And those are probably low ball numbers, as the Santa Fe economists have been about as accurate as the pollsters in the Trump Clinton race.

Yes, the energy price crash is brutal but don't forget a decade of over zealous tax cutting that also helped crash state revenue.

This epic political mismanagement (by both parties but more recently by the Governor and her fellow Republicans) has led to a downgrade in the state's bond rating, employee layoffs and disruption of state services. But as we wrote Monday, it will apparently have to get a lot worse before the public takes much notice. Meanwhile, Santa Fe will continue to wander in the fiscal wilderness with no way out in sight.


Now to the Alligator pond where we first find self-described "(Drained) Swamp Gator." He says (correctly) that a reader post here Monday left the impression that a US House seat could be filled by gubernatorial appointment. It cannot. A member of the US House--the people's House--must always be elected. Which brings us back to the original plot line. . .

If Senator Tom Udall were to run and become Governor in 2018, he would appoint a successor to fill out the unexpired two years of his Senate term. If he chose ABQ Dem US Rep. Michelle Lujan Grisham for that job that would leave a vacancy in her ABQ House seat (assuming she ran successfully for election in 2018). The Grisham vacancy would be filled at a special election within 90 days of her resignation. As (Drained) Swamp Gator points out:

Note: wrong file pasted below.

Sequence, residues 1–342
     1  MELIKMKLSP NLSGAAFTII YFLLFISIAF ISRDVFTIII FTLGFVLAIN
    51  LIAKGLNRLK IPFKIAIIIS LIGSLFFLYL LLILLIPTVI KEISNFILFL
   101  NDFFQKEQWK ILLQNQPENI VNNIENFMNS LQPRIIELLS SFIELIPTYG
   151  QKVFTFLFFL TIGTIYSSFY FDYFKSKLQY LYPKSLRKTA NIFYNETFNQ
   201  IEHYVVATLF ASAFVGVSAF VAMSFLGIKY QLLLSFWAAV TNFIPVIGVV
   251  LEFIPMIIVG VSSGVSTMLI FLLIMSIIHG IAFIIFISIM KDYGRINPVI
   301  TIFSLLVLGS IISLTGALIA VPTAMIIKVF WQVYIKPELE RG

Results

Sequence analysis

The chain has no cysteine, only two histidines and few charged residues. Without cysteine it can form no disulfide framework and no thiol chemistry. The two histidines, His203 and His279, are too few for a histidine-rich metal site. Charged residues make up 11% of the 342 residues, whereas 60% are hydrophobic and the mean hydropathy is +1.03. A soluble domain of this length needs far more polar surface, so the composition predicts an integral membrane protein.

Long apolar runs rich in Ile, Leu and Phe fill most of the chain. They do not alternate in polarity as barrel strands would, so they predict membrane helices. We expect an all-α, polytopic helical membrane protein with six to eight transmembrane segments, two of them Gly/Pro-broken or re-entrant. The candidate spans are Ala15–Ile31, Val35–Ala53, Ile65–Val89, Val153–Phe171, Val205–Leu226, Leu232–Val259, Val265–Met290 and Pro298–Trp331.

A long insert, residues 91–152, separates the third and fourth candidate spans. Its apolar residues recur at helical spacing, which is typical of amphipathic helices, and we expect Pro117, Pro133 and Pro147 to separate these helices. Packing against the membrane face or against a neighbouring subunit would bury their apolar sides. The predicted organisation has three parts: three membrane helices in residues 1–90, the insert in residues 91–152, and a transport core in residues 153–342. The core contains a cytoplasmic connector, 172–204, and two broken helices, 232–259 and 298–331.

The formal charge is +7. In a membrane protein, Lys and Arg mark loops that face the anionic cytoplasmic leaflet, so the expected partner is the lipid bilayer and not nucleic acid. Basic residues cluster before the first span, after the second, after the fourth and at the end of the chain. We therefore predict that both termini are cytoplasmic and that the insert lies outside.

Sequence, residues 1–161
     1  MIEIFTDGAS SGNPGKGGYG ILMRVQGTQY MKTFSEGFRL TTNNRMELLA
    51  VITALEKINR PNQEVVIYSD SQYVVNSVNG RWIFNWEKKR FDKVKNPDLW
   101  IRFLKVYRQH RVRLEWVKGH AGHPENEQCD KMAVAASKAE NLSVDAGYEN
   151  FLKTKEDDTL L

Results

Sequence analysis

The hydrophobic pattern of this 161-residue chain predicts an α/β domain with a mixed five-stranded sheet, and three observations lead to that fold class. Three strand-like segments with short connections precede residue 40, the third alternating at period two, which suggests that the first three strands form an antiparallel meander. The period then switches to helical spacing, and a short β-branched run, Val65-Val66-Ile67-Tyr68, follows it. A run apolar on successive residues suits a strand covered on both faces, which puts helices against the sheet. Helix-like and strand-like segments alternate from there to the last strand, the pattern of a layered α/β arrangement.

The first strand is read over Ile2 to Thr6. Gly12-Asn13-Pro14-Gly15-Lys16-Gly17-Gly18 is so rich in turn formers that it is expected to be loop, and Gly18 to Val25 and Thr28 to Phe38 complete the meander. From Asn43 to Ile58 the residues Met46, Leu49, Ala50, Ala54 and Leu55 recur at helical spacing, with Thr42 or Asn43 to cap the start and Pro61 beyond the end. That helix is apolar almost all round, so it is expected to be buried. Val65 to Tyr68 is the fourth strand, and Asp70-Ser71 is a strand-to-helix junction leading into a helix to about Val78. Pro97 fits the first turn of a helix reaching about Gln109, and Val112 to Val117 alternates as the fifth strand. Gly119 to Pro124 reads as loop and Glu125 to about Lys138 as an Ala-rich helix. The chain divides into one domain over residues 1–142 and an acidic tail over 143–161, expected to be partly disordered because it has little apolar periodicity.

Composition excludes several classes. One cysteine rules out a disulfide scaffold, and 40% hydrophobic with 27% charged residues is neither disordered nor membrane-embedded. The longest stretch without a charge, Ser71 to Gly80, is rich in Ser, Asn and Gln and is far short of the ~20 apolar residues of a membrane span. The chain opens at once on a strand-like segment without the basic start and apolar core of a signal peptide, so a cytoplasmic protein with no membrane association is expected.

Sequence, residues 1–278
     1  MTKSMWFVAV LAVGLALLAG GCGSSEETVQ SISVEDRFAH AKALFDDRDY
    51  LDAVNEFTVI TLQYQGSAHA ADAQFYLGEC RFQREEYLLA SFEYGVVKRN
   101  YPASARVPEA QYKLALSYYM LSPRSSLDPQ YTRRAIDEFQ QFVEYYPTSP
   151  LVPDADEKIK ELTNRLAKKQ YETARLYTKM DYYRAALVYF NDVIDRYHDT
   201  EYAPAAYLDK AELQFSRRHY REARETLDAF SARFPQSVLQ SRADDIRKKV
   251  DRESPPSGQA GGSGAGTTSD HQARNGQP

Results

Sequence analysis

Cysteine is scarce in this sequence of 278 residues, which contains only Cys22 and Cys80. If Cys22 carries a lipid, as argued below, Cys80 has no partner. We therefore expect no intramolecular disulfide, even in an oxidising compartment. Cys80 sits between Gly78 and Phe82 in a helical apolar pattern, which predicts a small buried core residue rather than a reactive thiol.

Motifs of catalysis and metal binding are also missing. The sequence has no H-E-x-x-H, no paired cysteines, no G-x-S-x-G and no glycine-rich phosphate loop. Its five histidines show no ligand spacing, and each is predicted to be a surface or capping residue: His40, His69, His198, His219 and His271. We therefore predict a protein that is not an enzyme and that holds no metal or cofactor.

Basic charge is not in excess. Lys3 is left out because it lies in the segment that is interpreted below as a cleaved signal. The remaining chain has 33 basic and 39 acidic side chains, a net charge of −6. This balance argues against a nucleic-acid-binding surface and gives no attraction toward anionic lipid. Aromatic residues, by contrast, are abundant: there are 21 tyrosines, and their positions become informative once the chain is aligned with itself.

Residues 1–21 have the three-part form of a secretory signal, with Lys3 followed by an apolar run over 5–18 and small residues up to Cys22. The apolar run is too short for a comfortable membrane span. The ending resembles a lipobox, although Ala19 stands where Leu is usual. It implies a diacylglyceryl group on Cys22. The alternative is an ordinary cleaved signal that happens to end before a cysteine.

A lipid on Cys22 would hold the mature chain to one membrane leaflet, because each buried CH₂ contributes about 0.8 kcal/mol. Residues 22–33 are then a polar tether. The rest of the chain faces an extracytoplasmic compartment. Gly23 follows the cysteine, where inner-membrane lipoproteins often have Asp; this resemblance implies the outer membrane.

This is what happened when ABQ Congressman Steve Schiff passed away in 1998. It  created a vacancy during the run up to the scheduled 1998 race between Republican Heather Wilson and Dem state Senator Phil Maloof. We actually had two overlapping campaigns and elections that year, one to fill the vacancy for the remaining months of Schiff's term and another for the succeeding two year term to start in January of 1999. The special election for the remaining months on Schiff's term was held in June of 1998 and Republican Wilson won. And she beat Maloof again in the November election to earn a full two year term.